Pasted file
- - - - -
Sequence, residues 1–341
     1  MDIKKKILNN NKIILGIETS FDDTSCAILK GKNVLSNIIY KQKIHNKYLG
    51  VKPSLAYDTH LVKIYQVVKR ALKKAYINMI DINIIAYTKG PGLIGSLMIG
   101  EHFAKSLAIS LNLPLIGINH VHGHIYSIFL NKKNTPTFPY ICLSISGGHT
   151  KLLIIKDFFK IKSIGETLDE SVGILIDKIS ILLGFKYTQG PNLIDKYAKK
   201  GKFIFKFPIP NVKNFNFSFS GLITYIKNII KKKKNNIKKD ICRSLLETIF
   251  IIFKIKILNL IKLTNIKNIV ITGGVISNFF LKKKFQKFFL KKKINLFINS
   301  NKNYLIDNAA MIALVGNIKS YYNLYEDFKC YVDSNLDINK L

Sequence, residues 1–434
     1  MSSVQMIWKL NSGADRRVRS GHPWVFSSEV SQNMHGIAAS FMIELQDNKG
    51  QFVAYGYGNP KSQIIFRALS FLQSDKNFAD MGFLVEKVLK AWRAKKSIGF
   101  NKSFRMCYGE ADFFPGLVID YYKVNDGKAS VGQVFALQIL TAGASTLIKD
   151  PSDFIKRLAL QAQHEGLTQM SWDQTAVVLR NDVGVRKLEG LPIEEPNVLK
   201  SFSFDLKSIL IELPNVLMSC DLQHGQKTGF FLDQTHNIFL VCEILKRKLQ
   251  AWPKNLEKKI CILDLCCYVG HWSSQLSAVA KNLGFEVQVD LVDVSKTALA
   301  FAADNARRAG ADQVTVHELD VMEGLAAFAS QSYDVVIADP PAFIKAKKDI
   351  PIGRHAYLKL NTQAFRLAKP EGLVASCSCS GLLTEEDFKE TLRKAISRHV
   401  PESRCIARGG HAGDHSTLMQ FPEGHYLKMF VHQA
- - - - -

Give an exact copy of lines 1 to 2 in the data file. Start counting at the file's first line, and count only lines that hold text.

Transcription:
Sequence, residues 1–341
     1  MDIKKKILNN NKIILGIETS FDDTSCAILK GKNVLSNIIY KQKIHNKYLG